Loveliest of Trees

Loveliest of trees, the cherry now
Is hung with bloom along the bough,
And stands above the woodland ride
Wearing white for Eastertide.

Now, of my threescore years and ten,
Twenty will not come again,
And take from seventy springs a score,
It only leaves me fifty more.

And since to look at things in bloom
Fifty springs are little room,
About the woodlands I will go
To see the cherry hung with snow.

A.E. Housman

On the banks of the Tokyo Bay moat in the Hamarikyu Gardens.

The Heian-jingu torii on the banks of the Lake Biwa canal, Kyoto.

Along the Kamo River, Kyoto.

Early morning stillness at Fushimi Inari. Kyoto.

The absolutely sublime Takase-gawa, Kyoto.

The courtyard of the silent patisserie, Zen Kashoin. Kyoto.

The light forest in Teamlab: Borderless. Tokyo.

An intricate pavilion in Biwon (Secret Garden) within Changdeokgung Palace. Seoul.

Flashing lights and late-night shoppers of Myeongdong, Seoul.

– T O K Y O –

By the time I set out from my hotel in Ebisu on my first day in Japan, I am exhausted and bleary-eyed. Bright, colorful, blinking lights all around dazzle me, and are the only things I took note of beyond my bowl of vegetable ramen and the crisp edges of a piping hot red bean taiyaki.

On my second day, after moving to my second hotel in Shinjuku, I made my way to Shinjuku-gyoen, an expansive national park. There are about 1,500 cherry trees here!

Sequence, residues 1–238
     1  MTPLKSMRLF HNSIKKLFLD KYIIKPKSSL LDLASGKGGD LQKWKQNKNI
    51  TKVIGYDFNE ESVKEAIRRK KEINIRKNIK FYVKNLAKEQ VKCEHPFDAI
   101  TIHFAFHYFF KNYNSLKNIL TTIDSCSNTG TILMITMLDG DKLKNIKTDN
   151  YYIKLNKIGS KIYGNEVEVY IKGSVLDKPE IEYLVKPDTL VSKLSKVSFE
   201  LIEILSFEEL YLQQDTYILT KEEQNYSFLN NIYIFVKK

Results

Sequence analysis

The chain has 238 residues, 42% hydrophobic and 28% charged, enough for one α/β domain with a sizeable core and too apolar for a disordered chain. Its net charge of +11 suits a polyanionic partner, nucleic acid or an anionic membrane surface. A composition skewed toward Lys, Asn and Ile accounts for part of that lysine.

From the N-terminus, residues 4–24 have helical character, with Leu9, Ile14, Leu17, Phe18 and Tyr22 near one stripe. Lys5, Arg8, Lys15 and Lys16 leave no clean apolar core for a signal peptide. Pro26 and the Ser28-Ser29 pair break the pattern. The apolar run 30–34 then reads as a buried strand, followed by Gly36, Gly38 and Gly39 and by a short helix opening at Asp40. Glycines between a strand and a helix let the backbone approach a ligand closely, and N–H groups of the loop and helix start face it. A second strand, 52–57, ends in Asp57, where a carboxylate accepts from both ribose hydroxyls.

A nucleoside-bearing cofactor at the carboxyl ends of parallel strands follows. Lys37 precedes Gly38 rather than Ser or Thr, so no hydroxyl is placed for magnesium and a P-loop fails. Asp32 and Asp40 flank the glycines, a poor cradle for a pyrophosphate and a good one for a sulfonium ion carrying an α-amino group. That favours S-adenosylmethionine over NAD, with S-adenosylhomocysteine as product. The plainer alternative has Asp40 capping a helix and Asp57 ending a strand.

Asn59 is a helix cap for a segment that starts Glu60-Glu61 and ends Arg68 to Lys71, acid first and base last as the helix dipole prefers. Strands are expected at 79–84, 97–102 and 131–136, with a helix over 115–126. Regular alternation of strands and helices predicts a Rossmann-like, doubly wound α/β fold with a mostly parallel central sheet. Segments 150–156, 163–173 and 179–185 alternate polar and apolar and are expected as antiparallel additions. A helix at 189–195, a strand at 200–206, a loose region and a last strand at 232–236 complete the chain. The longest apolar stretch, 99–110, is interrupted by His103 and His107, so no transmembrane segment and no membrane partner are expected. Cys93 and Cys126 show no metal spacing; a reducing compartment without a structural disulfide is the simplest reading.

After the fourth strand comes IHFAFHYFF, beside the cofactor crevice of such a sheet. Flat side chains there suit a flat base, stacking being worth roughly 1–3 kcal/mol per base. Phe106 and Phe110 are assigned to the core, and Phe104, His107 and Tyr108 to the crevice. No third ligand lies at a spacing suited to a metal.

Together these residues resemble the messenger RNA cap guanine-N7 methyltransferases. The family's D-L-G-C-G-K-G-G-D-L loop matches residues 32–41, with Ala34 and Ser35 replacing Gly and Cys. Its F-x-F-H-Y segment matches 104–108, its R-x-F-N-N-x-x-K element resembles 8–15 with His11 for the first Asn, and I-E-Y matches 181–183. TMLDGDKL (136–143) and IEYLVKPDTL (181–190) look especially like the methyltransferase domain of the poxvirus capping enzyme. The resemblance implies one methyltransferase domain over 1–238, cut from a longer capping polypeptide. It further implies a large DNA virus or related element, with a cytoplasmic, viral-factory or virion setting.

Every corner of the park was surpassingly lovely, and completely packed full of people. People enjoying hanami, people taking photos, and others just strolling underneath the blossoms. Particularly beautiful branches drew comically large crowds, and yet everyone was polite and relatively quiet.

I woke up early and was admittedly underwhelmed by the Tsukiji fish market. The Hamarikyu Gardens, a short walk from Tsukiji, were far more enrapturing for me. Lovely sakura and camellia trees in the immaculately landscaped gardens were fully flowering, and it was a very quiet and peaceful place.

The seawater moat fed from Tokyo Bay was a mesmerizing shade of blue green.

I left the Shiodome area to hop on the Yurikamome line over the Rainbow Bridge (which was a boring white at this time of year, by the way) to Odaiba, a man made island crowned with the giant ferris wheel, Daikanransha.

Teamlab: Borderless was wonder after wonder. I must admit that it is a museum that could only exist now; not only for our technological capacity, but also for the heavy saturation of social media. Each exhibit photographs beautifully. The cynic inside me screamed in protest as I, too, fell deep into the insta-traps. And yet as I rounded each new corner, there were times that tears misted, unbidden, over my eyes at the beauty of it all. The forest of cascading droplets of LED light was my favorite. When it momentarily flashed to blindingly bright, sparkling all-white, everyone within the exhibit gasped and gazed in wonder… and hastily fumbled at cameras and phones.

I enjoyed a late afternoon stroll through the oasis that is Yoyogi Park, with its majestic old trees and giant cypress torii, and a visit to the lovely Shinto shrine Meiji-jingu. The detailed sake barrels, or kazaridaru, along the walking paths were an impressive sight. The sun was just hitting the torii as it set. Golden hour.

– O S A K A –